Casual Clothes will do!
Roll-along bags work well. A sling backpack is pretty common too. There are nearly 300 sunny days annually in San Jose. Unless you're here for a convention, business meeting, or other professional reason, I'd go with jeans, T-shirt, shorts, and a light jacket or sweatshirt. Our days aren't excruciatingly hot, so swimsuits are needed only during a few extreme hot days in July or August. If you want to dress up a bit more, I'd go with khakis and a button down or polo shirt. Anything more than that and you might look out of place. We don't dress up for the movies and people usually come as they are. Typical necessities but there's drug stores all over the place for things you may have forgotten at home. A digital or regular camera. If you don't want to look like a tourist... PLEASE... Don't take pictures in the mall! It's a dead give away. towel, swimsuit, sunglasses, hat
Little Kabul .... in Fremont
Little Kabul is a small area of Fremont's Centerville District, about 10 miles from San Jose. Though just a block long, the area hosts some 20 Afghan businesses and the city of Fremont has some 15,000 Afghan immigrants, making it the largest Afghan community in the United States. Little Kabul has a good market called the Maiwand Market as well as a few restaurants, the most famous being the Afghan Kabob House and Salang Pass.
Little Kabul is located along Fremont Ave in Fremont, between Peralta Blvd and Central Ave. There are a few more Afghan places along nearby Thornton Ave.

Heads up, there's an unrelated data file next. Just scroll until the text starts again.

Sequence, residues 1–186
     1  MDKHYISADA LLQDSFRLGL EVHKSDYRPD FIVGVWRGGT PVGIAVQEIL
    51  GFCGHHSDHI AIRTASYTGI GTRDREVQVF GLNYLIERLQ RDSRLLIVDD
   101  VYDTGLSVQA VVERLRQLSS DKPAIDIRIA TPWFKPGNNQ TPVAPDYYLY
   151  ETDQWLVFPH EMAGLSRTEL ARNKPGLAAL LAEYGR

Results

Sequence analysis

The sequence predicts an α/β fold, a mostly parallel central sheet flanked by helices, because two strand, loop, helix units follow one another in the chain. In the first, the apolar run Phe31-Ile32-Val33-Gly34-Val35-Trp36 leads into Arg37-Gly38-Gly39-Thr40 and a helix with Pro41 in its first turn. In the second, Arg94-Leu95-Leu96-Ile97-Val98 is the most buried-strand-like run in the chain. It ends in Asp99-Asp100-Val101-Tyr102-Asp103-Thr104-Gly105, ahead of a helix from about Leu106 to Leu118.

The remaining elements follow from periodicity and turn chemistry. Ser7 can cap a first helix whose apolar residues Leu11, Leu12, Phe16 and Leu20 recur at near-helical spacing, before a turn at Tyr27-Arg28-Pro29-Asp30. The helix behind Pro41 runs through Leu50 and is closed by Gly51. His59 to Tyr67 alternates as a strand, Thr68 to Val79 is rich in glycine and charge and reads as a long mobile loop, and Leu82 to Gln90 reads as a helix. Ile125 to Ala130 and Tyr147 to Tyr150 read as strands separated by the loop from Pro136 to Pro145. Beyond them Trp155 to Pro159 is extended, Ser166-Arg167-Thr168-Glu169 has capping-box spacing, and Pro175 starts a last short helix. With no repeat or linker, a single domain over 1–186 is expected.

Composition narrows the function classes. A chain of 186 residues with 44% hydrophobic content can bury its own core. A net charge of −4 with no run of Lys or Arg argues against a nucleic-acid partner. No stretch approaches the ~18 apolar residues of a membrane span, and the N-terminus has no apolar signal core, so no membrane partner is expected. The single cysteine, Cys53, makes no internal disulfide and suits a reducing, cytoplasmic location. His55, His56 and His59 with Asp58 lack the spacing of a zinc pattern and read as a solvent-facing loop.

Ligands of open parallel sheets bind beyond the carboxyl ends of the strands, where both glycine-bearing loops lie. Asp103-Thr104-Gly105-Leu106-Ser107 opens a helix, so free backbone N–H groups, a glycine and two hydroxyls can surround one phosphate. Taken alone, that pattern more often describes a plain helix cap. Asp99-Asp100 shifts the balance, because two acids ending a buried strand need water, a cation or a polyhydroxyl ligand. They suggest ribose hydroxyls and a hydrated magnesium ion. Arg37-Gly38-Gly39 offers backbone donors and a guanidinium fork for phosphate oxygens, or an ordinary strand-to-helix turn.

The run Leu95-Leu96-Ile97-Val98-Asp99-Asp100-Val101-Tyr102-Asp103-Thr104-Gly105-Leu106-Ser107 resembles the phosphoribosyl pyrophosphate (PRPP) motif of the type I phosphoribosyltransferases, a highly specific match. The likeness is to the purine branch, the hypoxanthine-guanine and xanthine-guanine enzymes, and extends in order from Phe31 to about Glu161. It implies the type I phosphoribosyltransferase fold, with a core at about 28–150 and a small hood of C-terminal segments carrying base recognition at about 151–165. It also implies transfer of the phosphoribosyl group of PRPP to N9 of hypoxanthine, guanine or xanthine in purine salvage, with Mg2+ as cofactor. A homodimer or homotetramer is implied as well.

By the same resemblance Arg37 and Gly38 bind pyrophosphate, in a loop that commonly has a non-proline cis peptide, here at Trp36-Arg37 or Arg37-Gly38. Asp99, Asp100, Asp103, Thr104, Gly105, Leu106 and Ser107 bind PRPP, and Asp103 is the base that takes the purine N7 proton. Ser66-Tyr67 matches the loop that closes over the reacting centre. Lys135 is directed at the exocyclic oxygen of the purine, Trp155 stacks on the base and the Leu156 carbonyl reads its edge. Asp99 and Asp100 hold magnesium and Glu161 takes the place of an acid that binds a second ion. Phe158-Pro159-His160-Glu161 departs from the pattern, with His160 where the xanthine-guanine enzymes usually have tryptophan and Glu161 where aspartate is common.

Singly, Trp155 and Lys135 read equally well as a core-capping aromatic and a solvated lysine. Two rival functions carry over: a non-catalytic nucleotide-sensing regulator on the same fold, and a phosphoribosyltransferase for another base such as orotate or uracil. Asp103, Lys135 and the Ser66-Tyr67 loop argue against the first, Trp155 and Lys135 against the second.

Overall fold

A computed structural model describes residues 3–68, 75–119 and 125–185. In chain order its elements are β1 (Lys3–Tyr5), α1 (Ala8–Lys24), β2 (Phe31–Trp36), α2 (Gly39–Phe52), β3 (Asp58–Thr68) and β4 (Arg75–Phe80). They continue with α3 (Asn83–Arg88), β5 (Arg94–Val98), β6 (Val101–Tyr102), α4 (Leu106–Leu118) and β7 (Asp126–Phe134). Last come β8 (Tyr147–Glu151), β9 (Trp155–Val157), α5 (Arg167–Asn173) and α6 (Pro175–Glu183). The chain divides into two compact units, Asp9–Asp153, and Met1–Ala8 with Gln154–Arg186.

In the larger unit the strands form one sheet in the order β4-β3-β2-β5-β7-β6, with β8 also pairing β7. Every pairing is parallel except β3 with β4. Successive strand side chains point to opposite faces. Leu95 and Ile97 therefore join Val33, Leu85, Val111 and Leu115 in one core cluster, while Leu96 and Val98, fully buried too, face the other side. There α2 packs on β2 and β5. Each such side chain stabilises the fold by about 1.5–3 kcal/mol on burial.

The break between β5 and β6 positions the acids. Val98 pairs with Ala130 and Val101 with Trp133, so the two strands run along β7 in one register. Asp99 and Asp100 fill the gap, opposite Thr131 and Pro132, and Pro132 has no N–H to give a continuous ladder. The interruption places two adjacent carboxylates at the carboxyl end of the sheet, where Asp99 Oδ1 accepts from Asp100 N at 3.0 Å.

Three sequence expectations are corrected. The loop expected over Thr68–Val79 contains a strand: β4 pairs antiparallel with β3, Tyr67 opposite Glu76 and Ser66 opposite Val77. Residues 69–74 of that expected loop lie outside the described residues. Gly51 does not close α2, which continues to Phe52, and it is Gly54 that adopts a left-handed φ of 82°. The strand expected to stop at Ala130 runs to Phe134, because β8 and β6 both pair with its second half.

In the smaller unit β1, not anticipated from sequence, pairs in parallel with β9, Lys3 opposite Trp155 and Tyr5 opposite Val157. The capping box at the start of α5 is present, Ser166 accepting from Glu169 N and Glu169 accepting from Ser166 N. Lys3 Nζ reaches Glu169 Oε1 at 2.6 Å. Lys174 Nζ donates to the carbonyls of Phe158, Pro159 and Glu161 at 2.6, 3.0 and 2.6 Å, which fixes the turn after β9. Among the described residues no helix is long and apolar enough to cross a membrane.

A Unique Experience
Santana Row shopping area is made up of wonderful places to eat, as well as great clothing and home furnishing stores. And if you need a break...sit in the park and play checkers, or enjoy the live entertainment and evening movies....all outdoors!
I travelled to San Jose via...
I travelled to San Jose via the train, but flying there would probably be significantly faster.
Since San Jose is sprawling (it's bigger than San Francisco), driving is the best way. However, a nice way to get to San Francisco from San Jose is via Caltrain, a commuter rail service that runs between the 2 cities, and cities along the route like Palo Alto. The station in San Jose is across from the San Jose Arena.
Prices are on the reasonable side. The decor is minimal, bare walls and formica tabletops (although they always have fresh flowers on the tables, a real plus in my book!), so it can get noisy. Weekend dinners are usually crowded, but I've never had to wait more than 20 minutes for a table, and there's usually a spot at the sushi bar if that's your preference.
Note: This neighborhood is a hotbed of good, inexpensive Japanese restaurants. I've tried most of them, and this remains my favorite.
Word of warning: a lot of them close for several days to a week during the Christmas-New Year's period. One New Year's Eve, I went looking for Japanese food in this neighborhood, and ended up driving back to Campbell! Best sushi in San Jose -- and, in my humble opinion, it compares favorably with sushi anywhere else. Portions are generous (no peanut-sized rice balls here!), they're honest about what's in season and how fresh the fish is, and all the side dishes I've tried are good.
Their lunch specials are reasonably priced and substantial, and their dinner combinations are excellent too (my late mother, who was in her 90's, used to love their salmon teriyaki).